Facebook will let advertisers know where a promotion was first viewed and when it led to a purchase by tracking users between their electronic devices, a tool that may reignite privacy concerns.
Marketers will be able to see the number of users that clicked on an ad, whether they used a smartphone, tablet or desktop computer, and which device was used to buy a product, Menlo Park, California-based Facebook said in a blog post Wednesday.
Facebook has been bulking up advertising services as the social network's mobile ads propel revenue and profit. While users and privacy watchdogs around the world criticize Facebook's use of personal data, the company is under pressure from advertisers to prove that their mobile promotions are effective.
As Facebook finds new ways to analyze the behavior of its more than 1 billion users, controversy has emerged regarding its methods. A Facebook data scientist apologized in June after conducting an experiment that temporarily influenced what almost 700,000 readers saw on their news feeds without getting permission.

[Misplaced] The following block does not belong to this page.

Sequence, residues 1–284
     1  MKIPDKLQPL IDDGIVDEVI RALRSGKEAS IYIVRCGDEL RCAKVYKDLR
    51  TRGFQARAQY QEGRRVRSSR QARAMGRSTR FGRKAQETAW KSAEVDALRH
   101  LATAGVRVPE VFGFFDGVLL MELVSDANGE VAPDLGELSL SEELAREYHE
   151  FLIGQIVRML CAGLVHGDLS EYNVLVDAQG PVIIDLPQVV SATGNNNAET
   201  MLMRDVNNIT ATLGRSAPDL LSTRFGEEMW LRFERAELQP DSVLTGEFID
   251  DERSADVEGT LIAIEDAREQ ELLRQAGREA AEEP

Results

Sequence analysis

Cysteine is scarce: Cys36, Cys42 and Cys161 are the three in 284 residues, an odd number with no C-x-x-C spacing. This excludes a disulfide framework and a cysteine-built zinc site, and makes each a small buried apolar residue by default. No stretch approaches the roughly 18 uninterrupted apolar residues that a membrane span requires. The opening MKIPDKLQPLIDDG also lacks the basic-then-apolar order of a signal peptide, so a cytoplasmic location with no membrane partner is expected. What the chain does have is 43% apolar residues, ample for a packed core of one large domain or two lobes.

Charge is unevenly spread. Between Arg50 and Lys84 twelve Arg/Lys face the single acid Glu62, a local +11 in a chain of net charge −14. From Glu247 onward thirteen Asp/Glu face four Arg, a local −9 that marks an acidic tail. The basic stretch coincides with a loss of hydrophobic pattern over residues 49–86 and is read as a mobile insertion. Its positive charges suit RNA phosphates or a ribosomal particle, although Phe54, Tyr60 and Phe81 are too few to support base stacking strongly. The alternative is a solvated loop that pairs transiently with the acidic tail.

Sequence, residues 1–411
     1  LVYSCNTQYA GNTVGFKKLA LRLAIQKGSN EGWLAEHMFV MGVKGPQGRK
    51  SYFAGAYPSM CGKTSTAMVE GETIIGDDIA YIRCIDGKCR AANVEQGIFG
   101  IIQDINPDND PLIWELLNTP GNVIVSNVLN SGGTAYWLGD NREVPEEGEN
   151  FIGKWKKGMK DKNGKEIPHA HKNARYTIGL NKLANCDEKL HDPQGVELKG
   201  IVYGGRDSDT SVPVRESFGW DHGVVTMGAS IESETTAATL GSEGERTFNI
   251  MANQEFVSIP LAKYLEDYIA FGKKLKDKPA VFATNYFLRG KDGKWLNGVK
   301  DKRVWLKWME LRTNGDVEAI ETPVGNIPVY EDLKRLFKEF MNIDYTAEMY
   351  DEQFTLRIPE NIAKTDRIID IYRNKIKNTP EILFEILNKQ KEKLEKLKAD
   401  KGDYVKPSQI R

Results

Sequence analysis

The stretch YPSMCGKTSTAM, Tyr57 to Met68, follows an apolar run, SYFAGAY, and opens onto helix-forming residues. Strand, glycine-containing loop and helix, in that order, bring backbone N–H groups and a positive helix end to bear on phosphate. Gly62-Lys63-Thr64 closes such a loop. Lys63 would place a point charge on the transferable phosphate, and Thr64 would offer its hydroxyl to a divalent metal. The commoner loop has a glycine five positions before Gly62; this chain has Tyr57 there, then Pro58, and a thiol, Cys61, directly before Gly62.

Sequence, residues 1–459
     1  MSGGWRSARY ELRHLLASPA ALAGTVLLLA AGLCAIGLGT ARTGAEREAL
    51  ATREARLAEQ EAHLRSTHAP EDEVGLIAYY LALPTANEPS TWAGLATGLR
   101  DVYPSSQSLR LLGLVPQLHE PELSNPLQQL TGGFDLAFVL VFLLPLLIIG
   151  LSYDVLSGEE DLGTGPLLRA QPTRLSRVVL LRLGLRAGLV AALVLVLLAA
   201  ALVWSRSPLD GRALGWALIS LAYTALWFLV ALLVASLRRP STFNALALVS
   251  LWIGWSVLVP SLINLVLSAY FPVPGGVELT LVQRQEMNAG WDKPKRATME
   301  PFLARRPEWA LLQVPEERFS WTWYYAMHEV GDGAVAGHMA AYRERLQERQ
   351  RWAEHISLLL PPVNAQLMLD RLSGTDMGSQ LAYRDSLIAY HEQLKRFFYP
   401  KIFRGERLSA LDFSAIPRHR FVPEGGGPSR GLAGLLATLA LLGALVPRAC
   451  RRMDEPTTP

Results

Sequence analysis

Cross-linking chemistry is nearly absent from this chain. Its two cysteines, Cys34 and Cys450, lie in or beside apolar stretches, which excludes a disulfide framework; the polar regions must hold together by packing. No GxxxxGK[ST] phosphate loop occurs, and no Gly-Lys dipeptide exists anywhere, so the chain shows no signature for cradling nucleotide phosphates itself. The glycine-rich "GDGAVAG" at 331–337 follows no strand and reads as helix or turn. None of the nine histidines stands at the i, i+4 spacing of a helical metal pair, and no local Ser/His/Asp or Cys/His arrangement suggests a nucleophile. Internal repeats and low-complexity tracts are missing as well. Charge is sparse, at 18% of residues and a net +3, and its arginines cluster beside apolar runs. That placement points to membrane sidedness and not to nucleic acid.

With the new cross-device service announced Wednesday, Facebook is aiming to prove that mobile ads can lead to purchases, even if those purchases aren't necessarily made on a smartphone. In a study with Altimeter Group, Facebook found that among people who showed interest in a mobile ad, more than 32 percent took action on desktop computers within 28 days.
Because Facebook's users must log in to use the service, the company can link their identities with their behavior as they switch between devices throughout the day. That allows Facebook to give more information to marketers than they could glean from other online tracking methods, such as cookies that log activity within a Web browser.
"With the new cross-device report, advertisers are now able to see where someone saw an ad, the device they used, and which device was used when they converted," Facebook said today in the blog post.
Facebook has extended its advertising empire outside its main application. Earlier this year, the company opened up its network of advertisers to software developers who were given the option to run Facebook ads on their applications. Facebook recently agreed to acquire LiveRail, which will help it serve video advertisements outside of Facebook itself.